water sprite B Bell

 Kathleen said, that it can depend on how you hold it, then told us how this crystal came to be there.  Folk often leave things, in the cairn, as a gift for the ancestors, and someone had left this crystal.  Originally, she’d put it in the museum, in the area of the display which they call Dad’s treasures, as in, bits and pieces which Ronnie has found or been given, over the years.  She felt it wasn’t right, there, so took it out again, and wondered what I/we would make of it.  She hadn’t seen the face, at first, but, one time, holding up to the light, just right, she saw it.  Also, this geologist chap saw it.

As to what we made of it……………………  I said that I wouldn’t want him in a room, looking at me!  For that matter, I wouldn’t want him in the house, even in another room, as I wouldn’t know what he was up to!  He’s mischievous, not bad or mean, just a bit of a naughty kind of character.  Kathleen suggested an imp, but I don’t see him as an imp – I was thinking along the lines of Puck ( ‘A Midsummer’s Night’s Dream’ by William Shakespeare.), that kind of character.  I was then given the information that he didn’t want to be indoors, at all, he should be out-doors, by water, and I got an image of a reed-bed, with a pool, nice and cool and rippley water.  I said this, and Mike confirmed that he saw green, that he should be amongst green plants.  I said to Kathleen, that, if it was me, I’d place him down by the Bronze Age site, where there’s a nice, reedy bit.  Fact is, I think he wanted us to place him, as I have very specific instructions, about where he should be placed, but…..he’s kind-of Kathleen’s, it’s her place, and he was left, in their cairn.  She says she’ll do as I suggested, and I’m leaving it to him, to get through to her, to let her know just where he’s to go.  Kathleen is very receptive, and I’m sure that, if he tries to, he’ll get through to her, especially if she goes to the rushy place, and he can direct her, then.  So, that’s where we left it.  Then, after wards, when we were walking to and from the cairn, we were talking about the character who we now refer to as ‘Yer man in the rushes’, and we realised that he’s a very male being, and was happier dealing with Mike, than with Kathleen and I, which is maybe why Mike and the geologist could see him straight away, but Kathleen and I, couldn’t.  Maybe.  I was sure he was to do with water, and then realised that he’s a Water Sprite!!!!!  That’s what he is, a Sprite, and he belongs near water.  I’d love him to live by our pond, but, well, he’s to be on Liddle Farm, where he was left, by the person, who left him!  He’s fine, as long as he’s outside, but I wouldna’ trust him in the house!  He’d be up to things!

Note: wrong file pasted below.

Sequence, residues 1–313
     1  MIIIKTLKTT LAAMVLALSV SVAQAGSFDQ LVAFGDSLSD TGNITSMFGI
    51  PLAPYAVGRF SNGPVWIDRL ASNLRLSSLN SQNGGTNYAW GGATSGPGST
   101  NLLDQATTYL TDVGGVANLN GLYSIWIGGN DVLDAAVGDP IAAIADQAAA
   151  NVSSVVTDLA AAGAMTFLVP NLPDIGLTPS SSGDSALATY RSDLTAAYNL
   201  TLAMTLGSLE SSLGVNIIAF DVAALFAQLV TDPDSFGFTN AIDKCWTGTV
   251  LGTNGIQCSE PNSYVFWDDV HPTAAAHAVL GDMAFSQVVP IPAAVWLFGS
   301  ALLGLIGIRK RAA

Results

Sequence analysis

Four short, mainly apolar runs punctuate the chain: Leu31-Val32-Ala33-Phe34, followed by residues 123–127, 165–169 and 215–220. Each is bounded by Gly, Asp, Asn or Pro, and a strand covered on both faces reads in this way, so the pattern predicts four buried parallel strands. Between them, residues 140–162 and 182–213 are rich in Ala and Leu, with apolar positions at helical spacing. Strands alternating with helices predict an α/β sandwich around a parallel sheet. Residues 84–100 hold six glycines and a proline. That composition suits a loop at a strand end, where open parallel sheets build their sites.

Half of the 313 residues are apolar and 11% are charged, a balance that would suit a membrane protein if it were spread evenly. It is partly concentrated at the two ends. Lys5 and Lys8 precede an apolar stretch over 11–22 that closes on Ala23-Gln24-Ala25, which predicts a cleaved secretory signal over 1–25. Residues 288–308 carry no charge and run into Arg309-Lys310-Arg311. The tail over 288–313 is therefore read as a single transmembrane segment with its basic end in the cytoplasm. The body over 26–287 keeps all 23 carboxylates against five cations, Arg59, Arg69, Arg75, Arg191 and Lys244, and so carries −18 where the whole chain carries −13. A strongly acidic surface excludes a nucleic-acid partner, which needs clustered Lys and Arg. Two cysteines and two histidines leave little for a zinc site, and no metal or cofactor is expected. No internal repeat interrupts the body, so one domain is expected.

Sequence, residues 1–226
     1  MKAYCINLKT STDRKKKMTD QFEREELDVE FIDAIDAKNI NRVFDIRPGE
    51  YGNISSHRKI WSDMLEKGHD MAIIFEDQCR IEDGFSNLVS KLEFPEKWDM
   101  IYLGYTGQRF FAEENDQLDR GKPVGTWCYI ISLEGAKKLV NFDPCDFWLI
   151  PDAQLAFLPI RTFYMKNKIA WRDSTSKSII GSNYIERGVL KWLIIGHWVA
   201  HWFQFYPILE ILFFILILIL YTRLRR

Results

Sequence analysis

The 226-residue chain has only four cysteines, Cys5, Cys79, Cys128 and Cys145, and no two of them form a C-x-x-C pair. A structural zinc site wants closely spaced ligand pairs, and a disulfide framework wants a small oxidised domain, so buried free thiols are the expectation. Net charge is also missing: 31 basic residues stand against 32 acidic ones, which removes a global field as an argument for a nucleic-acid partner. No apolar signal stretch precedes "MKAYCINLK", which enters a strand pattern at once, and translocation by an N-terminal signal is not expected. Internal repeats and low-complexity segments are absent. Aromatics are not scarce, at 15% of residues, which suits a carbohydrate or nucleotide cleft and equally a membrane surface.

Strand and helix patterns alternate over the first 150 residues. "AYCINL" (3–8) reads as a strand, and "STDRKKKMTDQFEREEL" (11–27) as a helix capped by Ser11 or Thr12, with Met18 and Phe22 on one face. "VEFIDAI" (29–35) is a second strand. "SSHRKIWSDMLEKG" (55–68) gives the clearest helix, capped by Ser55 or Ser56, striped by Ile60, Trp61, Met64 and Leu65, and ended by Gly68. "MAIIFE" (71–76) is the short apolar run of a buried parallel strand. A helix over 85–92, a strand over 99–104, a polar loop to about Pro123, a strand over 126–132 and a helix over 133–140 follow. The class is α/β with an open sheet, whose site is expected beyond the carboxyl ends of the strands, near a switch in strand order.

As I said, this is where some folk think I’m nuts, and others, don’t.  The ladies at the Eagle Cairn, accept me, and what I say, and, remember they’re daughters of Ronnie, who found the cairn, in the first place, and was a very intuitive man.

So, there’s the tale.  Meeting the Water Sprite, ruffled me up, quite a lot, a strong character to meet.  But, going to the cairn, settled me again.  I thought he might make his presence felt, when we got home and went to bed and all was still, but he didn’t, because he’s got his message across, and is going to be, where he wants to be, so, that’s o.k.

Then, there was a new development of the story.  Friend Jeanne gave me a book,  ‘The Little People of the British Isles’.  As I was reading it, and turned the page to page 13 (!), I saw someone, who I had seen before.  On page 13 is a drawing of a Water Sprite, and the drawing is the image of ‘Yer man in the rushes’.  The man who drew him, must have actually seen this kind of character.  It really is, just him, the very essence of him.  Well, well, well. ain’t life a gas?

Map of walking in South Ronaldsay

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  1. When we were there, looking out over a perfectly calm sea, I gave a thought to all those people who perished in the Opal and Narborough, in very different weather conditions.